In a related change, AB 890 amends Section 805.5, and requires those entities that already are required to query the licensing agencies prior to granting privileges to physicians, psychologists, podiatrists, and dentists to now query the BRN to determine whether any 805 reports have been filed against an NP applying for privileges. Importantly, unlike the definition of “licentiate,” this requirement is not limited to NPs practicing under the expanded scope – this change applies to all NPs. Facilities and other entities subject to 805.5’s requirements should adapt their credentialing policies to add this step to their NP credentialing processes as of January 1, 2021.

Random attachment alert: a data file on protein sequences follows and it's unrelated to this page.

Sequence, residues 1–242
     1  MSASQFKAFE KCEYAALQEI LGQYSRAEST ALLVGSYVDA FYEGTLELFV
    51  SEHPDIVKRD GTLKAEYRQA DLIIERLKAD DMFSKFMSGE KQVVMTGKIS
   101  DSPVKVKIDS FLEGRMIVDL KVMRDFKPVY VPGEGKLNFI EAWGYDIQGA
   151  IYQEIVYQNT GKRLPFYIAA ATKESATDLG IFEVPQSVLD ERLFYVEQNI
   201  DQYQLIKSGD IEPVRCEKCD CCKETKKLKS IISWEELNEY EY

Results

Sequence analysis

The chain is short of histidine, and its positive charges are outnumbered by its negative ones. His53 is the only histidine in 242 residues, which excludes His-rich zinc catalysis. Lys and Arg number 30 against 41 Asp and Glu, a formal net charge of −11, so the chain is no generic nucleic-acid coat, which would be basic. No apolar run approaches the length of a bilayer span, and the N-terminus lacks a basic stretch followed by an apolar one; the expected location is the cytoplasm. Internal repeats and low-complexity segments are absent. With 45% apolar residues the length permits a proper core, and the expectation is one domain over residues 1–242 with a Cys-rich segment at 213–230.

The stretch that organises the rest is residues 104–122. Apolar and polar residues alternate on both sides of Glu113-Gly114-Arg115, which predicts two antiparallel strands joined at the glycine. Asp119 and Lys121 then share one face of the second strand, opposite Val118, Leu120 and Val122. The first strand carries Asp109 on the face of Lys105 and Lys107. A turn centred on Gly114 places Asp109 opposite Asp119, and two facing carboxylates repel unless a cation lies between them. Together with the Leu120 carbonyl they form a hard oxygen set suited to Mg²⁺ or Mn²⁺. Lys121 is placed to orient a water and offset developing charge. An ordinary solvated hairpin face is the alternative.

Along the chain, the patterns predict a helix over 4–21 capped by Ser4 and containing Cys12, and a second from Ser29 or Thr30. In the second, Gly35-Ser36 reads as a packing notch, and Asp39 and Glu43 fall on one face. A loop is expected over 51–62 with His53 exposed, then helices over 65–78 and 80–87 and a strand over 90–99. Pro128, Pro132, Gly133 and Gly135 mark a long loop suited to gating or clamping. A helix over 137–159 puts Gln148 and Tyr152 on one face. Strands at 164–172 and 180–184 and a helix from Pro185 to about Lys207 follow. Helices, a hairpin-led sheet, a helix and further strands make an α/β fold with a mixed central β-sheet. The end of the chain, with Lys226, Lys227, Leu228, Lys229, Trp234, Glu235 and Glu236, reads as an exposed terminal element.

Nurse Practitioners Will Be Eligible for Medical Staff Membership
The new law also opens the medical staff’s doors – a little at a time – to NPs. As of January 1, 2021, NPs who meet the qualifications to practice under the new scope “shall be eligible to serve on medical staff and hospital committees” and eligible to attend department meetings, although the NP’s ability to vote at meetings is limited to certain specified matters relating to NP practice or as otherwise allowed by the medical staff bylaws. Beginning January 1, 2023, NPs who meet the expanded qualifications developed by the BRN “shall be eligible for membership of an organized medical staff” and may “vote at meetings of the department to which the nurse practitioners are assigned.”